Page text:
When Dr. Thomas McLoughlin thinks about the late Superintendent Joseph P. Liberati, it's not the official who presided over Southern Lehigh School Board meetings that he remembers.
It's the big bear of a man who would fold his body up to sit at the child-size lunch tables at the Hopewell Elementary School to eat ice cream with the littlest pupils. Or the guy who would dress up and lead the elementary school Halloween parade or wear his pajamas for "Pajama Stuffy Day."
The Southern Lehigh Intermediate School officially became the Joseph P. Liberati Intermediate School at a dedication ceremony this morning attended by Liberati's family, friends and members of the community.
"This is a fitting and proper and very warmly felt tribute to Joe given his many years of service to the district," said McLoughlin, president of the Southern Lehigh School Board.
The school, which was completed in 2009 for grades 4, 5 and 6, was one of the big projects Liberati was able to see through to fruition before his death in November 2011 at age 57. Earlier that month, he had announced his plans to retire effective March 2012.
The current superintendent, Leah Christman, said Liberati would be pleased that the building was named for him. "He put a lot into this building. This was his baby," she said before the dedication ceremony.
Such major projects were important, but to Liberati his job was all about the children, his widow Mariann said. The days he spent in meetings he would often come home worn out. "A good day was being able to see kids and talk to kids."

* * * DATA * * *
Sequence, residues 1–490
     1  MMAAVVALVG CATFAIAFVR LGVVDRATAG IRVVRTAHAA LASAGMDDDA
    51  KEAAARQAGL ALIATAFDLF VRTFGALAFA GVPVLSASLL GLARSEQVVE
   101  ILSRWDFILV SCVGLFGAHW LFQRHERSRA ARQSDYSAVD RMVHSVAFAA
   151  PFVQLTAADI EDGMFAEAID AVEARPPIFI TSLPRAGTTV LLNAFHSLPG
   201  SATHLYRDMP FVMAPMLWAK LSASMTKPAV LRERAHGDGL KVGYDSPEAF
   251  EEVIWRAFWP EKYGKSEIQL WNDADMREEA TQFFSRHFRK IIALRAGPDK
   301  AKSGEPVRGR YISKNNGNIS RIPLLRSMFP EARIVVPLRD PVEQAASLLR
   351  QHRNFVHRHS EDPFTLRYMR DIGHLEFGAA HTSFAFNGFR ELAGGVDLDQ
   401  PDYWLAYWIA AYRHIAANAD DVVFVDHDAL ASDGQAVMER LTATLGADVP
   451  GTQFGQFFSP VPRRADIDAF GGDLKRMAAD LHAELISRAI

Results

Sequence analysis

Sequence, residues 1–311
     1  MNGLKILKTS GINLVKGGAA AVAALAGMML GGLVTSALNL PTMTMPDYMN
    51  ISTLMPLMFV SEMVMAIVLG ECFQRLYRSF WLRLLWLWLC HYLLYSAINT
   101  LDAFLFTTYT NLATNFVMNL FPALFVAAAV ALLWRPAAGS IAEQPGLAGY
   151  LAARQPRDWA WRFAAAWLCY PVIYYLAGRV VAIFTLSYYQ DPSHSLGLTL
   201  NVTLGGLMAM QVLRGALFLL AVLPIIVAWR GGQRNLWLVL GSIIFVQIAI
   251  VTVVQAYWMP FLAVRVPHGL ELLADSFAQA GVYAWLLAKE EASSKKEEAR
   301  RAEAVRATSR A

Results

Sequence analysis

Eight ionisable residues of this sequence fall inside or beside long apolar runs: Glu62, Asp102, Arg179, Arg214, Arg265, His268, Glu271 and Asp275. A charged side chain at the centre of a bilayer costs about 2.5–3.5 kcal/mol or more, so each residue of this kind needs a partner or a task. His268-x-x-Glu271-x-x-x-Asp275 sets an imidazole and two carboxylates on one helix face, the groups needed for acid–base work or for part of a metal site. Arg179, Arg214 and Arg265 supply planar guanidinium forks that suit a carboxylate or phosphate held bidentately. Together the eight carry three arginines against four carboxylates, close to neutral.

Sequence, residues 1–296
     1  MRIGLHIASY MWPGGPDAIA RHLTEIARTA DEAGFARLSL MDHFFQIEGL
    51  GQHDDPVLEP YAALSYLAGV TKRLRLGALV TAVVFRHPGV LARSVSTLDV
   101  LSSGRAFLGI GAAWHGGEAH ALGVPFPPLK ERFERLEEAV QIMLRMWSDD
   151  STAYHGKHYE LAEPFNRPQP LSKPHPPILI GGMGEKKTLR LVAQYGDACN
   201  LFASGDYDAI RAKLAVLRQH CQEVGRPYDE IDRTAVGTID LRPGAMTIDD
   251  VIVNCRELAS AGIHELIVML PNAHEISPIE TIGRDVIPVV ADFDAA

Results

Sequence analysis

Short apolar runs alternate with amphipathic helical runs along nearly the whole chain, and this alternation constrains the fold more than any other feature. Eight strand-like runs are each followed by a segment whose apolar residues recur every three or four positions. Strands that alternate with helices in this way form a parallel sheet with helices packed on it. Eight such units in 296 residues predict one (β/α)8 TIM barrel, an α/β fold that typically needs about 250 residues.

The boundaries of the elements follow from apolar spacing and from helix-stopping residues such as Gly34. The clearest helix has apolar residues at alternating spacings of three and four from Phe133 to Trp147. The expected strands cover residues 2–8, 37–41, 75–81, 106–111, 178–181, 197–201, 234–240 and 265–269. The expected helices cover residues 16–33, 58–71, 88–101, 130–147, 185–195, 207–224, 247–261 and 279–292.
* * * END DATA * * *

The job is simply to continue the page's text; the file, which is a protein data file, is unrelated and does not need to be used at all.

"He loved Southern Lehigh like it was his third child," she said.
During his 22 years with the district, Liberati was principal at the Hopewell and Lower Milford elementary schools and held other administrative positions before becoming superintendent in 2003.
A scholarship fund was set up in Liberati's name and it awarded its first scholarship to a graduating senior this past spring.
His daughter, Liz Liberati, works not far away at Olympus and said it will be gratifying to be able to drive by and see her father's name on the school.
"I know a lot of Southern Lehigh families with kids who are really benefiting from my dad's work," Liz said.
"It's like a landmark for our family for the rest of our lives," said Liberati's son, Joe. He said the family is very grateful that the school board chose to name the building for his dad.
McLoughlin said school board members have frequent disagreements but "this was something we came together on."
Former School Board member Bill Miracle, who served with Liberati for many years, was given the job of ribbon-cutting at the ceremony. "He'd be so proud...so proud to be with us today," Miracle said. "Somehow I think he is."